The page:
Shimmering Door: Tales of Sorcery

Overview

FROM THE LEADERS OF FANTASTIC FICTION, stories that travel beyond THE SHIMMERING DOOR...

Open and enter...

Every age has known shamans and sorcerers-- including our own. Katharine Kerr's magical collection brings together some of the finest writers in fantasy to examine the world of spellcasters.

Contributors include:Kate Elliot * Lisa Mason Simon IngsEsther Friesner * Dennis...

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Overview

FROM THE LEADERS OF FANTASTIC FICTION, stories that travel beyond THE SHIMMERING DOOR...

Open and enter...

Every age has known shamans and sorcerers-- including our own. Katharine Kerr's magical collection brings together some of the finest writers in fantasy to examine the world of spellcasters.

Contributors include:Kate Elliot * Lisa Mason Simon IngsEsther Friesner * Dennis McKiernanDiana Paxson Charles de LintLawrence Watt-Evans Nina Kiriki HoffmanGregory Feeley Mike Resnickand many others

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Editorial Reviews

VOYA - Donna L. Scanlon
Kerr packs thirty-two short stories by many of fantasy's best authors into this themed anthology about "sorcerers and shamans, witches and warlocks, enchanters and spell-casters, magicians and mages." The anthology is divided into three sections corresponding with the "morning," "afternoon," and "evening" of a sorcerer's life. The organization of the stories within each section is close to flawless; the transition from one story to the next is so smooth that it is difficult to put the book down. The quality of the stories is consistently high, and the tales reflect a range of emotional responses as well as a broad spectrum of fantasy sub-genres, from cyberpunk to urban fantasy to mythology to high fantasy, and every variation in between. While the primary target is the fantasy reader who will be familiar with authors such as Lawrence Watt-Evans, Diana Paxson, Esther Friesner and Josepha Sherman, mainstream readers will find that the stories resonate on many levels. "La Curandera" by Margaret Ball and "Birds" by Charles de Lint are not just about a magical response to child abuse; they explore the universal search for a strong inner sense of self. Lawrence Schimel's "Family Ties" is about more than a quest for revenge; the narrator discovers how love can blind one to the faults and failings of others. The understated yet attractive cover is mostly black with an opening door in the upper left hand corner, and will appeal to a wide audience. Readers from a variety of backgrounds will find common ground in this spellbinding collection. VOYA Codes: 5Q 3P J S (Hard to imagine it being any better written, Will appeal with pushing, Junior High-defined as grades 7 to 9 and Senior High-defined as grades 10 to 12).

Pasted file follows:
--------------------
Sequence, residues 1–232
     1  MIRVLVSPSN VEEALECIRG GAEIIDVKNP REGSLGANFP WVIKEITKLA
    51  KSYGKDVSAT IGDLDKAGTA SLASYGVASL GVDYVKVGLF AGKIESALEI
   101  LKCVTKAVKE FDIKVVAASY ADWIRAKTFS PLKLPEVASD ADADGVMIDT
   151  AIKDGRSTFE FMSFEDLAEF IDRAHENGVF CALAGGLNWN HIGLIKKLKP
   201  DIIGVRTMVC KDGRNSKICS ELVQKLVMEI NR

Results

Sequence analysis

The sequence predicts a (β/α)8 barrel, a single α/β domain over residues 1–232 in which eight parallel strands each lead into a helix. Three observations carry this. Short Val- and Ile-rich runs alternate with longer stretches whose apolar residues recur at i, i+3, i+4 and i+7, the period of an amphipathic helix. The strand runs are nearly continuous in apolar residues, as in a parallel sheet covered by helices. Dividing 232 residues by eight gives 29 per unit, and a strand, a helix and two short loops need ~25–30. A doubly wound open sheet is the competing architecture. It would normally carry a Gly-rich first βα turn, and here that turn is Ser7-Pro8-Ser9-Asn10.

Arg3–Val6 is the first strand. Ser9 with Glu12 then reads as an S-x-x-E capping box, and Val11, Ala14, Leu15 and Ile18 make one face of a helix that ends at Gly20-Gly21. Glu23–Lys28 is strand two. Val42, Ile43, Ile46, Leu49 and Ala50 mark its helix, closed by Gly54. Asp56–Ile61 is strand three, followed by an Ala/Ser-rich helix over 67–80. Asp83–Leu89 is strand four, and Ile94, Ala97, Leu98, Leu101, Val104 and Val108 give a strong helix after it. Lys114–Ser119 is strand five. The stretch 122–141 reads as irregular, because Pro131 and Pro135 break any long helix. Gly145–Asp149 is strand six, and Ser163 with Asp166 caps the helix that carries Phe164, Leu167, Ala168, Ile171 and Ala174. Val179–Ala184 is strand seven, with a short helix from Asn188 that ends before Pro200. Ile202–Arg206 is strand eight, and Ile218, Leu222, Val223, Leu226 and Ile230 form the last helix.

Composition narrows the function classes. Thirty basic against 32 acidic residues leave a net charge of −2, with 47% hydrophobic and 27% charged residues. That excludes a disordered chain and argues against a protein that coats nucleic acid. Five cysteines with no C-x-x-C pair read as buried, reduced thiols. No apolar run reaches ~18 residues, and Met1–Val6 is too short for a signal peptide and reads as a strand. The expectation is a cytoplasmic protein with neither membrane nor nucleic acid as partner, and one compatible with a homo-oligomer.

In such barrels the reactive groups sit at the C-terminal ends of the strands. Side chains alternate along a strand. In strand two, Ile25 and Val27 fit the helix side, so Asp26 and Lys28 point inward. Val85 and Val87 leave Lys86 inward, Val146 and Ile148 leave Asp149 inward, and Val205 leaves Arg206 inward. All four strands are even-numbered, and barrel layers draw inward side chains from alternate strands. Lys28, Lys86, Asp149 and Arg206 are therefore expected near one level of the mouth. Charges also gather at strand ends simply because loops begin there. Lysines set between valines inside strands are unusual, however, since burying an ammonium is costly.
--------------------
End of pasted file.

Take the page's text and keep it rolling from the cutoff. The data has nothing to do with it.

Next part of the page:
Library Journal
This collection features 32 never-before- published sorcery stories from leading fantasy writers, among them Jo Clayton, Dennis L. McKiernan, and Janet Berliner.
Kirkus Reviews
A veteran fantasy writer's (Freeze Frames, 1995, etc.) anthology of 32 contemporary, original, mostly American stories. Greek myth is well-represented, with tales such as Susan Shwartz's feminist "Hunters," about Artemis' tragic love affair with a mortal, and Esther M. Friesner's amusing if overlong "Tea," about a lustful male aerobics instructor on a cruise ship who finds himself in the middle of a parlor squabble between Circe, Medea, and Prospero. Many efforts here draw upon reserves of deep sorrow: M. John Harrison's "Seven Guesses of the Heart," for example, concerns the inability of magic to comfort a grieving father, and Gregory Feeley's "The Drowning Cell" is a sad story about a girl connecting with a boy who, centuries ago, drowned in a debtors' prison. Alternatively, the boy may be only an imaginary playmate, but, in any case, experiencing his sadness enables the girl to free herself of her own troubles. "I just can't believe in a world where everything is run by science," says the main character in Connie Hirsch's amusing romp, "Wicked Cool," which might be a manifesto for fantasy writers; most of these pieces feature some sort of "magick"—in Hirsch's case, not always the magick of the Old Religion, since her witches fly around contemporary Boston on broomsticks. Mark Kreighbaum's overtitled "Looking in the Heart of Light, the Silence," however, convincingly evokes the allure of the black arts: Two practitioners play out a foreordained scenario on a gloomy winter night in Minneapolis, intoning a series of powerful spells. Magick becomes bittersweet in Karawynn Long's clever commentary on the abortion debate, "Riddle in Nine Syllables," in which a high-school girlinvokes a medieval spell to induce a miscarriage in her friend, only to find herself carrying the fetus.

Not flawless, but nearly so.

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Product Details

  • ISBN-13: 9780737271805
  • Publisher: HarperCollins Publishers
  • Publication date: 5/11/1999
  • Pages: 434

Table of Contents

Introduction
Water Patterns 3
Water Everywhere 17
La Curandera 27
The Bloodstone 41
Riddle in Nine Syllables 53
Wicked Cool 77
The Sorcerer's Apprentice 93
The String Game 95
The Kin of Rig 109
Family Ties 121
The Voice of a God 127
The Drowning Cell 139
A Time for Heroes 153
Dance of the Python 177
Mrs. Langdon's Diary 191
One Late Night, with Jackal 205
Dead and Gone 213
The Hanged Man 227
The Silicon Sword 241
Tea 251
Wall Street Wizards 275
Swallow 281
The Most Beautiful Girl Alive 293
Birds 313
Dust and Sand 325
Looking into the Heart of Light, The Silence 341
A Simple Act of Kindness 349
The Peachwood Flute 367
The Tenth Painting 381
A Wreath of Pale Flowers for Vitri 395
Hunters 409
Seven Guesses of the Heart 419
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